The world is full of dark shadows to be sure, both the world without and the world within, and the road we’ve set off on is long and hard and often hard to find, but the word is trust. Trust the deepest intuitions of your own heart, trust the source of your own truest gladness, trust the road, trust him. And praise him too. Praise him for all we leave behind us in our traveling. Praise him for all we lose that lightens our feet, for all that the long road of the years bears off like a river. Praise him for stillness in the wake of pain. But praise him too for the knowledge that what’s lost is nothing to what’s found, and that all the dark there ever was, set next to the light, would scarcely fill a cup. – Buechner

 

In the midst of our mourning, in the midst of our sorrow, even if we fill somewhat silly or as if this is not something to mourn, we need to learn to praise God. I love the above quotation from Buechner. It speaks so deeply to true deep mourning, and also to this intermittent and even lighter mourning we experience.

 

So to all my friends walking this week and catching yourselves filled with tears and emotion. Let them come! Let the tears fall and let the emotion come. We need to allow those emotions their moment, so that we can fully rejoice and delight in the new station of being parents of adults.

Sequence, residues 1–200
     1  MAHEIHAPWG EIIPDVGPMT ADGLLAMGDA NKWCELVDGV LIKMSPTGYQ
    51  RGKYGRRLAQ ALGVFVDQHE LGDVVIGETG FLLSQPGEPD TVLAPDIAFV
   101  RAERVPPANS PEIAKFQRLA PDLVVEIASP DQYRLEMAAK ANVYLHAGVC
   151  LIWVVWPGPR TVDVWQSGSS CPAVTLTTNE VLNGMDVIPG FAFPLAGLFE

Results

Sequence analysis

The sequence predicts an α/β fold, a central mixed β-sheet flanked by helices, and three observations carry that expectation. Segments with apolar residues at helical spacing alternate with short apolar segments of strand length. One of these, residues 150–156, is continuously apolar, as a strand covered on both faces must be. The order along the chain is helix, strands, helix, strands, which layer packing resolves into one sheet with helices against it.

Remember Psalm 30? I know…sending a kid to college is not quite the equivalence of the dedication of a temple after years of deliverance by God. But still. Weeping may endure…but a joy comes!  Cry a good cry and then be ready to be a cheer leader for your kiddo, and rejoice with them as they navigate their new role.

 

 

Weeping may endure for a night,
But a shout of joy comes in the morning.

You have turned my mourning into dancing for me;
You have taken off my sackcloth and clothed me with joy,

That my soul may sing praise to You and not be silent.
Lord my God, I will give thanks to You forever.

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I See You!

Nope, we didn’t get the birthday shout-out we were hoping for. It is not because we didn’t try. I tweeted pictures of Nate to Taylor Swift and I harassed my friends to re-tweet the pictures. We knew it was a long-shot, but it never hurts to ask.

What impressed me the most was how Nate took it in stride. We were sitting in the nose-bleed section. I mean wayyyy up high. We still could see, but we no where near the stage. Nate smiled and said he liked the seats. I told him not to get his hopes up about a Birthday shout out and he said there were no worries. When we walked out at the end of the concert into a deluge of rain with no chance at the “Club Red” to meet Taylor, Nate simply said, “You know, I thought I would really want to meet her…but I don’t. I just really liked the concert and now I’m happy and ready to go home.”